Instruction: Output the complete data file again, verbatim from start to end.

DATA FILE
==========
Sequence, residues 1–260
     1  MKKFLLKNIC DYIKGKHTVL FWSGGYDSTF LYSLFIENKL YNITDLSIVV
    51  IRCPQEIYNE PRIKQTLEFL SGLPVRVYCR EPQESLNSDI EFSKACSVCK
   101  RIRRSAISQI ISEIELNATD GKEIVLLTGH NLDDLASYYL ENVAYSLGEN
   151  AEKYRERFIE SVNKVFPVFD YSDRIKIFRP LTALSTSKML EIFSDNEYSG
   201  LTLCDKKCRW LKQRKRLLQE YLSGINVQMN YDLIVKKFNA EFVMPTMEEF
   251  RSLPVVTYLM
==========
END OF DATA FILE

Sequence, residues 1–260
     1  MKKFLLKNIC DYIKGKHTVL FWSGGYDSTF LYSLFIENKL YNITDLSIVV
    51  IRCPQEIYNE PRIKQTLEFL SGLPVRVYCR EPQESLNSDI EFSKACSVCK
   101  RIRRSAISQI ISEIELNATD GKEIVLLTGH NLDDLASYYL ENVAYSLGEN
   151  AEKYRERFIE SVNKVFPVFD YSDRIKIFRP LTALSTSKML EIFSDNEYSG
   201  LTLCDKKCRW LKQRKRLLQE YLSGINVQMN YDLIVKKFNA EFVMPTMEEF
   251  RSLPVVTYLM